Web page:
, int32
, int64
, complex64
or complex128
.name
: A name for the operation (optional).A Tensor
or SparseTensor
the same size and type as x
with absolute values. Note, for complex64
or complex128
input, the returned Tensor
will be of type float32
or float64
, respectively.
__add__
__add__( x, y )
Returns x + y element-wise.
NOTE: Add
supports broadcasting. AddN
does not. More about broadcasting here
x
: A Tensor
. Must be one of the following types: bfloat16
, half
, float32
, float64
, uint8
, int8
, int16
, int32
, int64
, complex64
, complex128
, string
.y
: A Tensor
. Must have the same type as x
.name
: A name for the operation (optional).A Tensor
. Has the same type as x
.
__and__
__and__( x, y )
Returns the truth value of x AND y element-wise.
NOTE: LogicalAnd
supports broadcasting. More about broadcasting here
x
: A Tensor
of type bool
.y
: A Tensor
of type bool
.name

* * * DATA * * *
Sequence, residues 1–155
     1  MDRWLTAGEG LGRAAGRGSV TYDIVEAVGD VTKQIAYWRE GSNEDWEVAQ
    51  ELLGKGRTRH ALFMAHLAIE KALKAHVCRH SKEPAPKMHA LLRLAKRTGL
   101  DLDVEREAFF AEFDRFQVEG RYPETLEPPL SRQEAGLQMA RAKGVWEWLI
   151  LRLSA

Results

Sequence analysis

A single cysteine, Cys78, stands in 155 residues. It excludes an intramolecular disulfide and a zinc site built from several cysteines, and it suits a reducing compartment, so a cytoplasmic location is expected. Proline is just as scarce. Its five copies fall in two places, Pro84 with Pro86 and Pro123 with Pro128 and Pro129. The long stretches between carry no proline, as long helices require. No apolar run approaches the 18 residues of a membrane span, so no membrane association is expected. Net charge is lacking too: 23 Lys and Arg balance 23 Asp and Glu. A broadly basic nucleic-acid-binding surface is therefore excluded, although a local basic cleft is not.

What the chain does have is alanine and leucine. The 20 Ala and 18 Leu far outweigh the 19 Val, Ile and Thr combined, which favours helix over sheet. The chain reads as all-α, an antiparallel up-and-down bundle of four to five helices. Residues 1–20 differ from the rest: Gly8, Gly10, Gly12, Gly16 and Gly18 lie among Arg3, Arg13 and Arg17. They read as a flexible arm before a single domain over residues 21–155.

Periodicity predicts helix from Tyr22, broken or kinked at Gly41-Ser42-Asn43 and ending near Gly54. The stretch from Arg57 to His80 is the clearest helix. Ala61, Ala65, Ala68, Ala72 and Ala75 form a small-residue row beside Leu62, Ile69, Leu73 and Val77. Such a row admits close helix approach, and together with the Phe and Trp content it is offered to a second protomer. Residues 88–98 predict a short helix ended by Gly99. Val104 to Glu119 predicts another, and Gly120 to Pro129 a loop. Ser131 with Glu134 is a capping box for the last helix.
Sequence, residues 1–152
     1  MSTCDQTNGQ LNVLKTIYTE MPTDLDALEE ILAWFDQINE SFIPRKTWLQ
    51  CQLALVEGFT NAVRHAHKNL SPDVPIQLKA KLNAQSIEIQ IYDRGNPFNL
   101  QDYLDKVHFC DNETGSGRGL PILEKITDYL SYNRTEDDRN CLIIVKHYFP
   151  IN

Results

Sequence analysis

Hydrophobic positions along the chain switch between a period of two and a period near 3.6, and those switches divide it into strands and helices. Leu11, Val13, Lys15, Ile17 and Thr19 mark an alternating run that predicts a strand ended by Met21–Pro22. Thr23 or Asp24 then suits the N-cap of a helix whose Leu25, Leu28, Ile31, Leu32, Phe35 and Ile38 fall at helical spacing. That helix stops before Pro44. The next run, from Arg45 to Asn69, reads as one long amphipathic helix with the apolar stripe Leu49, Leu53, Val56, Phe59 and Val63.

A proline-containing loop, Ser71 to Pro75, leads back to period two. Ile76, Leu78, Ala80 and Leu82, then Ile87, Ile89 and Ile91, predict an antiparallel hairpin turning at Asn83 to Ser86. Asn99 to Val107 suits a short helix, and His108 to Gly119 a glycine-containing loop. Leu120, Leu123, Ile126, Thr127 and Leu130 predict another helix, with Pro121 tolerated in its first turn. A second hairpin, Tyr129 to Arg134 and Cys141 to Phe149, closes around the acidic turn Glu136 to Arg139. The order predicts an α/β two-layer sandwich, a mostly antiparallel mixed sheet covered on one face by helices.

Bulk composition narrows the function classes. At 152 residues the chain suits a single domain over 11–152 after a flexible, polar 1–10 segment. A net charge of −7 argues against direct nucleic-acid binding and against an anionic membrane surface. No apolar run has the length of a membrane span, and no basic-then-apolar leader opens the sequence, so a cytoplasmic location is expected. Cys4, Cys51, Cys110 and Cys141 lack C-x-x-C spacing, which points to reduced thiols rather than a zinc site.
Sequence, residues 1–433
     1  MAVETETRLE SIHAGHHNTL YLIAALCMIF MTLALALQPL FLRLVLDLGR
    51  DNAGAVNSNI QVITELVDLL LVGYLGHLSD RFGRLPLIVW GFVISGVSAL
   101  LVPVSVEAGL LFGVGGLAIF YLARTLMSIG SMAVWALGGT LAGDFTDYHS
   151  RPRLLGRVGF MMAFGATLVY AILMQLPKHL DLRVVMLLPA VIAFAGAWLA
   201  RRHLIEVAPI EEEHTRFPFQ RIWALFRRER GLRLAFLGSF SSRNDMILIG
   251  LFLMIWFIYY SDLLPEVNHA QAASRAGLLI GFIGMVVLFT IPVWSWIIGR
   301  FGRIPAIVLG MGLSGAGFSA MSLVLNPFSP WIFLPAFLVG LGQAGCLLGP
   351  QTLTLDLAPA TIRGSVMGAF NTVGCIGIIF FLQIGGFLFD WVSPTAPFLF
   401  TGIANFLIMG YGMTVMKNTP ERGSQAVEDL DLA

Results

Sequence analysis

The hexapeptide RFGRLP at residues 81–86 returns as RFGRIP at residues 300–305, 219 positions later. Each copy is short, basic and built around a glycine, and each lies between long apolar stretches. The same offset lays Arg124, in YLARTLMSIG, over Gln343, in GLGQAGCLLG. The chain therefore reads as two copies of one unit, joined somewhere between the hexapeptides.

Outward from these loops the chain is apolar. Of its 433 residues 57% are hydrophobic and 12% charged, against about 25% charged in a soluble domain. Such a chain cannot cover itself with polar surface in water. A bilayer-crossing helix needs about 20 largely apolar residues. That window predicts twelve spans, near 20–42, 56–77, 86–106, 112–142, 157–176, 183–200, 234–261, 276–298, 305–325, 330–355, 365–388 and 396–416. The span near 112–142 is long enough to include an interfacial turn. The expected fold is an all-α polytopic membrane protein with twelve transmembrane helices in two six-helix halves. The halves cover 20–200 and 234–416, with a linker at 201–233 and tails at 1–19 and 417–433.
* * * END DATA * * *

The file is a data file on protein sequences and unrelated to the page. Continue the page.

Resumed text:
: A name for the operation (optional).A Tensor
of type bool
.
__bool__
__bool__()
Dummy method to prevent a tensor from being used as a Python bool
.
This overload raises a TypeError
when the user inadvertently treats a Tensor
as a boolean (e.g. in an if
statement). For example:
if tf.constant(True): # Will raise. # ... if tf.constant(5) < tf.constant(7): # Will raise. # ...
This disallows ambiguities between testing the Python value vs testing the dynamic condition of the Tensor
.
TypeError
.
__div__
__div__( x, y )
Divide two values using Python 2 semantics. Used for Tensor.div.
x
: Tensor
numerator of real numeric type.y
: Tensor
denominator of real numeric type.name
: A name for the operation (optional).x / y
returns the quotient of x and y.
__eq__
__eq__(other)
Return self==value.
__floordiv__
__floordiv__( x, y )
Divides x / y
elementwise, rounding toward the most negative integer.